Genetics and Thyroid Hormone Conversion
Research has found that a common genetic SNP DIO2 Thr92Ala affects thyroid hormone metabolism, reducing the conversion of T4 into T3. (1)
It has been known for some time that in patients who are treated with T4 medication, TSH levels within the reference range don’t guarantee tissue euthyroidism (e.g. the thyroid resuming normal function). (2) This means that your TSH can be totally normal, but your cells still aren’t getting the thyroid hormones they need – this is particularly true if you have low levels of T3 and normal TSH.
In the body, three enzymes known as deiodinases regulate thyroid hormone activation and inactivation in cells. Dio2 encodes for deiodinase 2, which is involved in converting T4 to the active hormone, T3.
Currently, DIO2 is believed to produce most of the T3 that’s required each day, while DIO1 provides a relatively smaller amount. In addition, the T3 produced by DIO1 exits the cell in around 30 minutes, whereas that produced by DIO2 remains in the cell for around 8 hours. (3)
What’s interesting is that this thyroid-related genetic SNP seems to occur in around 15-30 % of individuals. Studies have found that this polymorphism is associated with diseases ranging from metabolic to mental health, and an altered hypothalamic pituitary thyroid axis that’s “sluggish” in producing thyroid hormones in response to TSH. (4)
Effects of polymorphisms in DIO genes
|Polymorphism||Deiodinase activity||Thyroid Hormone|
|Cys785Thr(DIO1)||Decreased||Increased T3 levels and reduced T3:rT3 ratio|
|Alal814Gly (DIOl)||Increased||Increased T3 levels and increased T3:rT3 ratio|
|Thr92Ala (DIO2)||Decreased||Increased T4 and reduced T3 levels, and reduced T3:T4 ratio|
|ORFa-G3A (DIO2)||Increased||Reduced T4 levels and increased T3:T4 ratio|
Each Patient is Unique
Key Takeaways from this article
- a common genetic SNP DIO2 Thr92Ala affects thyroid hormone metabolism, reducing the conversion of T4 into T3
- This thyroid-related genetic SNP seems to occur in around 15-30 % of individuals and this is likely why many patients simply never feel well on T4 only replacement despite showing “normal” levels of TSH.
Next Steps What to do If you have persistent hypothyroid symptoms
If you’re trying to find as much information you can on hypothyroid symptoms, we recently published a similar article on different types of thyroid hormone treatments that can help patients who have low T3 levels and hypothyroid symptoms. If you missed that article, check it out here: Why Do I Still Feel Hypothyroid on Synthroid?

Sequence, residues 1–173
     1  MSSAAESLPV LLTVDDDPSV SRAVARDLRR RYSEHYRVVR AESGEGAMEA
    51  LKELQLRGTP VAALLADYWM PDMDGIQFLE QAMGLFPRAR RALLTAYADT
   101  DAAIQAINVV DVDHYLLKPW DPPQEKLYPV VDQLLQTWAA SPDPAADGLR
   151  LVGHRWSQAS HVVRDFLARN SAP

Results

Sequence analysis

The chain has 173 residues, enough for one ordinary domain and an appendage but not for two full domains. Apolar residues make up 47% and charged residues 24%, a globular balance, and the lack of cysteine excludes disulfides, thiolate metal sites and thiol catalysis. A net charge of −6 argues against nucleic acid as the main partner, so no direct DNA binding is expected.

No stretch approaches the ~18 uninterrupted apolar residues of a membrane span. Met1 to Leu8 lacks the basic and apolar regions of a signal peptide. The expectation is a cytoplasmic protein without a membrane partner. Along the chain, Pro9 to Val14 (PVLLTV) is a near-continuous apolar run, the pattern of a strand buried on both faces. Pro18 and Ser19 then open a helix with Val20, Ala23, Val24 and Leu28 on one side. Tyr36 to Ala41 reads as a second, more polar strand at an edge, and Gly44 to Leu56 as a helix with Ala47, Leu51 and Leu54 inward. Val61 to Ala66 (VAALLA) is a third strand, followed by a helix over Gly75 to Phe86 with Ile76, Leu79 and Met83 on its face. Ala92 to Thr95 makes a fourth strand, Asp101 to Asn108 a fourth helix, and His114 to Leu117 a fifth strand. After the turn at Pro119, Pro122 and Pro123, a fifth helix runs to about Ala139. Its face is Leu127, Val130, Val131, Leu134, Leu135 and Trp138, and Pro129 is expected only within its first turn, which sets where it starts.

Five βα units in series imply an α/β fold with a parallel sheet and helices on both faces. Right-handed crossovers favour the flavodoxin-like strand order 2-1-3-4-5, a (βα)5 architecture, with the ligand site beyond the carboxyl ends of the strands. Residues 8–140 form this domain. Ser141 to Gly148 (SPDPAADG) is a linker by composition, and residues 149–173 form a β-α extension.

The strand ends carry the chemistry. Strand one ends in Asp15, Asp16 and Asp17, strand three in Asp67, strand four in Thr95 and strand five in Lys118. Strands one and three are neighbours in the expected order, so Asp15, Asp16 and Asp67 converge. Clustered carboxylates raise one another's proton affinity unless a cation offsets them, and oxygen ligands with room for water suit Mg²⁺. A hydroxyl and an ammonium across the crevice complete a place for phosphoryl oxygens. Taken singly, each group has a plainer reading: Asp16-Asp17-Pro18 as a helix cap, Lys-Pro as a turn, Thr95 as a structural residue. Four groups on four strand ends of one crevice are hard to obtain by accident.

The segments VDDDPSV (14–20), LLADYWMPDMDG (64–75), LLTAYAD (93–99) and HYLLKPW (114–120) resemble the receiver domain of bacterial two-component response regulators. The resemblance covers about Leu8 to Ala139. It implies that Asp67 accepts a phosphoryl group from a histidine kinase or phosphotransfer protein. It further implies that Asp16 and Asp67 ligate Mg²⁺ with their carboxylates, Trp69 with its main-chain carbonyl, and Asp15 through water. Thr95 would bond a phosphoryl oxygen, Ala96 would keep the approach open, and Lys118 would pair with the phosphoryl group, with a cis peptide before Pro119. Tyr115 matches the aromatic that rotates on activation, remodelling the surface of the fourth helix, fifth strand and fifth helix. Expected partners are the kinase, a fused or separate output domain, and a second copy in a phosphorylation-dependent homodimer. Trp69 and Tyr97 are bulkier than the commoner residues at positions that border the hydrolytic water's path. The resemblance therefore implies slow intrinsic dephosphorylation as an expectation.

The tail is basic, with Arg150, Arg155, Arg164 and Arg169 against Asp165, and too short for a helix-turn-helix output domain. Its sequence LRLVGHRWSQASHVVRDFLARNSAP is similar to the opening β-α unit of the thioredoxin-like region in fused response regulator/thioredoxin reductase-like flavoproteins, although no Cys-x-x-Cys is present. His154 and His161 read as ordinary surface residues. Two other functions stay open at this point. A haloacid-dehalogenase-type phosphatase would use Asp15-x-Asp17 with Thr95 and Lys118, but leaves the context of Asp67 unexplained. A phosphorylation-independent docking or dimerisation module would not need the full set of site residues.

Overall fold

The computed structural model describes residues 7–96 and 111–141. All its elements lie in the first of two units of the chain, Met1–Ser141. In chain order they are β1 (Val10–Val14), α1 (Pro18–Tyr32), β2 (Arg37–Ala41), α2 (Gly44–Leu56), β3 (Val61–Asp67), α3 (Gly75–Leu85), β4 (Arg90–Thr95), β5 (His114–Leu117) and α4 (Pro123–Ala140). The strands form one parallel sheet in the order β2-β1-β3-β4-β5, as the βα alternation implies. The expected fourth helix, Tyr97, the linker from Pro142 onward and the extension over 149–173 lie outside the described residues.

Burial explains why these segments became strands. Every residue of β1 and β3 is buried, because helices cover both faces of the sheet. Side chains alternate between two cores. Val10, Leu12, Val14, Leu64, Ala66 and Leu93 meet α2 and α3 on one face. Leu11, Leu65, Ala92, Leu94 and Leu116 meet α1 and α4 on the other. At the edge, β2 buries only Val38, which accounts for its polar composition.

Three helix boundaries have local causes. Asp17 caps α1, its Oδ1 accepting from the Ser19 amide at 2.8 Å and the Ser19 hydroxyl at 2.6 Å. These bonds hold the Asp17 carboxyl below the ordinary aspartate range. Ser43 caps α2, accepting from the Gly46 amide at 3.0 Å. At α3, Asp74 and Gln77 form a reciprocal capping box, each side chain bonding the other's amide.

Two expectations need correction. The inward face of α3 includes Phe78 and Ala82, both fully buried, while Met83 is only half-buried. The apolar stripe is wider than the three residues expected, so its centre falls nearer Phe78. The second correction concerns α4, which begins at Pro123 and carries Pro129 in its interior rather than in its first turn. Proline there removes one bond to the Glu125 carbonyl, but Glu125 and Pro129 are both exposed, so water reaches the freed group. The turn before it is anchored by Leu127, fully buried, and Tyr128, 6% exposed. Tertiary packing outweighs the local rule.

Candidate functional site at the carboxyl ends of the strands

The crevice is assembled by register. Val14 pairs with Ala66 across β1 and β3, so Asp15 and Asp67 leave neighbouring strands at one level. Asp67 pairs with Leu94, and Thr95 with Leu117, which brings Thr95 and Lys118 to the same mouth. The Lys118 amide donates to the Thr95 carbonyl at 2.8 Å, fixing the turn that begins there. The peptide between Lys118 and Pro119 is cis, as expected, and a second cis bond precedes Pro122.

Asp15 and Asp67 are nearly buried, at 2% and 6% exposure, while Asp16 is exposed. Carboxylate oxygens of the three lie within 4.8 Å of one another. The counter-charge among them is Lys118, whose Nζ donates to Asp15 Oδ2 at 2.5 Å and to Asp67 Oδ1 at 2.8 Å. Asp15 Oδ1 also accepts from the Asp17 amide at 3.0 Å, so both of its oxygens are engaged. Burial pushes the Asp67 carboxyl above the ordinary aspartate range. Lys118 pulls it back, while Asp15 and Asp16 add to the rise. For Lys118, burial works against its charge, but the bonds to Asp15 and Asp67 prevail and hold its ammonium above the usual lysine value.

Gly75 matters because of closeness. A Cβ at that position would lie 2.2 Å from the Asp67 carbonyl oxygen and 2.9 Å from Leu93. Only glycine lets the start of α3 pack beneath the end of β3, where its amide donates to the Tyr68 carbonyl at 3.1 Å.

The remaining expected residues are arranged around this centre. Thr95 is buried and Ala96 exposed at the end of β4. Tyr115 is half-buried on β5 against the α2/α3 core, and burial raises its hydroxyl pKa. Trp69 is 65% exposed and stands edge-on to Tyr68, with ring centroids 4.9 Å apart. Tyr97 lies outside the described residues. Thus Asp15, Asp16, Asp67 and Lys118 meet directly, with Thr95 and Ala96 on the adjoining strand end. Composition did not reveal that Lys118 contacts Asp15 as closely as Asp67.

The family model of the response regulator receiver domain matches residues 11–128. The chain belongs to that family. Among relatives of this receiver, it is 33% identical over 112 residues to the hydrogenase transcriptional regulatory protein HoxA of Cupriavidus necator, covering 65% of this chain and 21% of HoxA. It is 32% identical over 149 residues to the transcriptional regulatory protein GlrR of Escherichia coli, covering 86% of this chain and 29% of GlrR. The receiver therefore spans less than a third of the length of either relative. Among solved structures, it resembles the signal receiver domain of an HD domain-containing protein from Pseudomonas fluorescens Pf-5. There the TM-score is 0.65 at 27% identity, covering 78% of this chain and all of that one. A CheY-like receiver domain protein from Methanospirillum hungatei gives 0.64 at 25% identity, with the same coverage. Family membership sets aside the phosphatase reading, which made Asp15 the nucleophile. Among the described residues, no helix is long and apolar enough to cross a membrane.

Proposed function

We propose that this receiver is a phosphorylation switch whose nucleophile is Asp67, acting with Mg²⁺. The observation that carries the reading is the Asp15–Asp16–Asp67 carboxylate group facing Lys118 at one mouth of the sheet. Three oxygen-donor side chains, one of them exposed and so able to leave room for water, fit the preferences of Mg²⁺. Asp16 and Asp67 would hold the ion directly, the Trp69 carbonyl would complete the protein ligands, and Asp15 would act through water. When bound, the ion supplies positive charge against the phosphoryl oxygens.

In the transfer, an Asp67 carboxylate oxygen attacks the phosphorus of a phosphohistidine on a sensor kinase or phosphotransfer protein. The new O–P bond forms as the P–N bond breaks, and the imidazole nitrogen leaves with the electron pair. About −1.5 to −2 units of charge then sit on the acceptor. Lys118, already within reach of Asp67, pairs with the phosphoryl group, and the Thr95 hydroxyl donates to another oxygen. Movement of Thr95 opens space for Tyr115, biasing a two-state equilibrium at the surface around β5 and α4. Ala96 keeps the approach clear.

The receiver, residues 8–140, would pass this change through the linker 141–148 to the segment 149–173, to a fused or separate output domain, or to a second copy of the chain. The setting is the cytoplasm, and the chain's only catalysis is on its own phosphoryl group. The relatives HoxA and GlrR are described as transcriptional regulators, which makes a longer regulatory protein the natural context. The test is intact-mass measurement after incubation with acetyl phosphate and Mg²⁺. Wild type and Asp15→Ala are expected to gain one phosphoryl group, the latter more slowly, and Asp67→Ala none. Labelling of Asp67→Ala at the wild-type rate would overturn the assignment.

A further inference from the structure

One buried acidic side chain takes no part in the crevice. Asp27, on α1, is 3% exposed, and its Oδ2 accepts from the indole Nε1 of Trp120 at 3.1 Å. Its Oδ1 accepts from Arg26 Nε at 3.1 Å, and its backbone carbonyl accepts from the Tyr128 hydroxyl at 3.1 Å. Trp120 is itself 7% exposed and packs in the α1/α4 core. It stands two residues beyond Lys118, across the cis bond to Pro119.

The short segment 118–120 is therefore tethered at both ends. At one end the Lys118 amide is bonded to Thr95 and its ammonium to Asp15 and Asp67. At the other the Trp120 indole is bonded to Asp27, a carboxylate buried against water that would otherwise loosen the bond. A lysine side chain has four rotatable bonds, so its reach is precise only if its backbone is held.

As far as general reading on thyroid, here’s a list of all our thyroid focused articles if you’d like to browse our library.
If you are trying to address hypothyroid symptoms with your doctor and are still seeing symptoms despite normal TSH levels, here are some things to keep in mind or to discuss with your doctor.
- The full thyroid panel including TSH, free T3, free T4, Anti TPO, Anti TG and reverse T3 are important to fully understand thyroid function.
- Thyroid health can shift due to changes in hormones, weight or lifestyle. Always get reassessed if you feel something isn’t right even if you’ve been on the same dosage for years.
- Patients with positive thyroid antibodies are more likely to develop hypothyroidism over time and experience fluctuations in their thyroid hormone levels – and as a result need more monitoring.
If you’re in the Toronto area and feel like your hypothyroid symptoms are present despite normal TSH levels, our doctors are familiar with the contents of all our articles and would be happy to take a deeper look at your case! You can read about our Naturopathic Thyroid Program, or click here to book online!
Studies and publications referenced in this article
- Luongo, C., Dentice, M., & Salvatore, D. (2019, August 1). Deiodinases and their intricate role in thyroid hormone homeostasis. Nature Reviews Endocrinology. Nature Publishing Group. https://doi.org/10.1038/s41574-019-0218-2
- Yavuz, S., Salgado Nunez del Prado, S., & Celi, F. S. (2019). Thyroid Hormone Action and Energy Expenditure. Journal of the Endocrine Society, 3(7), 1345–1356. https://doi.org/10.1210/js.2018-00423
- Bianco, A. C., & Silva, J. E. (1987). Nuclear 3,5,3‖-triiodothyronine (t3) in brown adipose tissue: Receptor occupancy and sources of t3 as determined by in vivo techniques. Endocrinology, 120(1), 55–62. https://doi.org/10.1210/endo-120-1-55
- Butler, P. W., Smith, S. M., Linderman, J. D., Brychta, R. J., Alberobello, A. T., Dubaz, O. M., … Celi, F. S. (2010). The Thr92Ala 5’ type 2 deiodinase gene polymorphism is associated with a delayed triiodothyronine secretion in response to the thyrotropin-releasing hormone-stimulation test: A pharmacogenomic study. Thyroid, 20(12), 1407–1412. https://doi.org/10.1089/thy.2010.0244